Effective Instructional Strategies for Deaf Students (and really all students)

In the journey or raising a deaf child, educational placement is always a challenge and an ongoing question. Recently I shared an older post about the time I removed my child from a residential school for the Deaf and had him at home. He later went back to school in a mainstream public school program. Now he is back at the school for the deaf with a different teacher.

Educational placement is an ongoing question from many parents

From a father of a deaf son, who was heartbroken from my post about pulling my son out of the Deaf school: So you had him in a Deaf school and it didn’t work? And here I’m thinking a Deaf school is what my son needs!” 

Another question from a phone conversation a month back, “What do you look for in a good program or a school for your deaf child? How do I know if it’s a good school?” This post is my answer. 

No matter what kind of program you decide to place your child:a residential school for the Deaf, a day program, a magnet school, there are some basic strategies that will make or break any program. A classroom teacher that implements effective strategies and an administration that encourages and requires such strategies will be a more successful program.

When we told the IEP team we were bringing my son home, the comments we got were supportive: “My grandsons were all homeschooled.” And this one I love, “School is not for everyone.”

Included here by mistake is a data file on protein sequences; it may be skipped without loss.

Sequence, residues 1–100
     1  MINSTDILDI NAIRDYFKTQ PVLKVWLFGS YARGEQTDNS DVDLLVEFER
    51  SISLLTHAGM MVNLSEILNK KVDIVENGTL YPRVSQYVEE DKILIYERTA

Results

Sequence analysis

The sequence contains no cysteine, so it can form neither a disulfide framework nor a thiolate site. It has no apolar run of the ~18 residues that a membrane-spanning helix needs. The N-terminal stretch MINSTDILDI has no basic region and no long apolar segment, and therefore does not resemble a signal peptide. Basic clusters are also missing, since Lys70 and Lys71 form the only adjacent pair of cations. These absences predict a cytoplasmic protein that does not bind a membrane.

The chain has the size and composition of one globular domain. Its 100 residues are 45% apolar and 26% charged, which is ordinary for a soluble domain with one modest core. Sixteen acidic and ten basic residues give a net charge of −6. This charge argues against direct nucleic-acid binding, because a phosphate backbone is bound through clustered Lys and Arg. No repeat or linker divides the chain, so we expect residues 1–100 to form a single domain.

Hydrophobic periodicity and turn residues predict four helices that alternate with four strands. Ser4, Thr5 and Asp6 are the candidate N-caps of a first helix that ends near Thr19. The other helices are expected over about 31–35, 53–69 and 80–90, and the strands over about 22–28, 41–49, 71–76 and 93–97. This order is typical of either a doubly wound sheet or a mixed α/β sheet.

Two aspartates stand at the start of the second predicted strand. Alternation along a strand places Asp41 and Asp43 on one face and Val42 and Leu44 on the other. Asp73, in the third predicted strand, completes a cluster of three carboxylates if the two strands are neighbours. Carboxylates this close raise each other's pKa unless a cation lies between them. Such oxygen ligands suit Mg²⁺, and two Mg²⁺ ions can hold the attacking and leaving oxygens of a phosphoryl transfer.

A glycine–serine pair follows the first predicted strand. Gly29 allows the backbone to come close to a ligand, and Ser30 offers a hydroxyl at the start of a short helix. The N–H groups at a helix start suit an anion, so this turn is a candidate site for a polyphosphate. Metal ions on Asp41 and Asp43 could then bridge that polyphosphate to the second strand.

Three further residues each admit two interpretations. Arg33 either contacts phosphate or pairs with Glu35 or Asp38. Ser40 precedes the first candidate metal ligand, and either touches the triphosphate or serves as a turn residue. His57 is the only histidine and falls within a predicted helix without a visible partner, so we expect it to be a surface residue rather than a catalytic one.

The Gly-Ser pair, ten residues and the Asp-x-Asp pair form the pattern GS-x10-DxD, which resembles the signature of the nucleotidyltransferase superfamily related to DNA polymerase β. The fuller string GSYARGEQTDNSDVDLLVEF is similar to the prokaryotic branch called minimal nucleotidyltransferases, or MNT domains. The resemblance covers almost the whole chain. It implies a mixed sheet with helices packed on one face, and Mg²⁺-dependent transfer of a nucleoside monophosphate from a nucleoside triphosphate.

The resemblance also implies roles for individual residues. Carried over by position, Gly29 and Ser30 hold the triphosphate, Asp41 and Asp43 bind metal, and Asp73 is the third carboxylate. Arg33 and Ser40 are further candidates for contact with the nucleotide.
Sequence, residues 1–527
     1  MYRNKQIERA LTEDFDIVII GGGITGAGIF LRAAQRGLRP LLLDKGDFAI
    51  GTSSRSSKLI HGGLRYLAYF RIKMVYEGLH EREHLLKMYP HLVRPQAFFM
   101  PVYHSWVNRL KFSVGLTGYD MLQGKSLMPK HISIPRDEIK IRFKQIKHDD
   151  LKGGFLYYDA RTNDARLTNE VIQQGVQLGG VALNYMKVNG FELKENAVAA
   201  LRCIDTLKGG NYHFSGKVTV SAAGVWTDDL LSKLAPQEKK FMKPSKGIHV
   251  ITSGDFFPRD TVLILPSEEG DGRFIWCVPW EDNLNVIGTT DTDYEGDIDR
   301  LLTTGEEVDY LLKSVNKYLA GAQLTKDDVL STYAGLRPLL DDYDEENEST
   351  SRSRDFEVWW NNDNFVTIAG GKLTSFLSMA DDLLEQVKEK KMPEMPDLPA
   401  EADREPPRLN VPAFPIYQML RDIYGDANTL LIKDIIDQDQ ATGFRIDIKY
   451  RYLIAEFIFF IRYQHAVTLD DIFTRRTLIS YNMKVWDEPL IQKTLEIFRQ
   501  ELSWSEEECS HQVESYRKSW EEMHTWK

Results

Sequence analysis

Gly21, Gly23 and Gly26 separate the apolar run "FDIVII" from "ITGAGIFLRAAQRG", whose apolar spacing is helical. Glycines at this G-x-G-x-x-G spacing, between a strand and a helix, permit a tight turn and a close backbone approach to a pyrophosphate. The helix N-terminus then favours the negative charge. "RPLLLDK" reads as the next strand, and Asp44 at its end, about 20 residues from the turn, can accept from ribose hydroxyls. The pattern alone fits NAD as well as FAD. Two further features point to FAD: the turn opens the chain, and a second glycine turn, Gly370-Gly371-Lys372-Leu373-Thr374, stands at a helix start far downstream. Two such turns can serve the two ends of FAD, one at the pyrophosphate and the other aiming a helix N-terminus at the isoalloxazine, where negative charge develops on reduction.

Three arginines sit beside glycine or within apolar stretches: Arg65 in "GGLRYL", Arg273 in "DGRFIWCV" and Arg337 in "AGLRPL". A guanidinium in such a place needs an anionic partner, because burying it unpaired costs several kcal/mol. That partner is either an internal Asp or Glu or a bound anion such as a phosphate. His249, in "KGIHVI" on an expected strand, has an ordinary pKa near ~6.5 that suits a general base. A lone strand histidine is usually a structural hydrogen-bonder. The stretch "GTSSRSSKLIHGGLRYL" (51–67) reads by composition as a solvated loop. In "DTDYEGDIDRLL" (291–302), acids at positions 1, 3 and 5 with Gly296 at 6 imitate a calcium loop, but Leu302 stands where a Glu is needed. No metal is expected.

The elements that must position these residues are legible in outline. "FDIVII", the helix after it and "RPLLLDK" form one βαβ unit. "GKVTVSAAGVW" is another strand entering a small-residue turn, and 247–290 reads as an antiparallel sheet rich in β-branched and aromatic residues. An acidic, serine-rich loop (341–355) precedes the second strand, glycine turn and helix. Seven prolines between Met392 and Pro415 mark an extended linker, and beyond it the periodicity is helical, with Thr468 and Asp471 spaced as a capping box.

In my work as a teacher of the deaf, and now even more as a parent of deaf children; I have seen what strategies will really engage your students/children, and others that will cause behavior problems, boredom and poor overall achievement. The table below shows ineffective instructional strategies and effective instructional strategies. Keep in mind, the ineffective strategies can be used in instruction; it’s how often they are used and to what extent. We all need a little skill and drill to practice and retain information, but too much is too much! 

My advice for parents looking for a good program for their child? 

  1. Tour the school while school is in session, observing the teachers and the students during instructional time.
  2. Review the school’s language policy and philosophy. Use this, but don’t base everything on it. For example, Utah’s language policy is decades old, and their actual classroom practices in the classroom are much better then their language policy implies.
  3. Interview the administration, teachers and staff. Question the use of the effective strategies listed on the right. What is the administration’s commitment to making sure these are carried out in the classroom?
  4. Try to find another parent in the area that has a child attending the school. (This might be tricky) – or review the school’s website and reviews online.
  5. Search for videos the school may have produced. I know some great schools are out there because of the videos they have published on YouTube. Check out these! Animals in ASL by California School for the Deaf Riverside. Wizard of Oz by Florida School for the Deaf.

I’d be happy to be a “sounding board” for your questions concerning programs you are considering! Leave me a comment or contact me.

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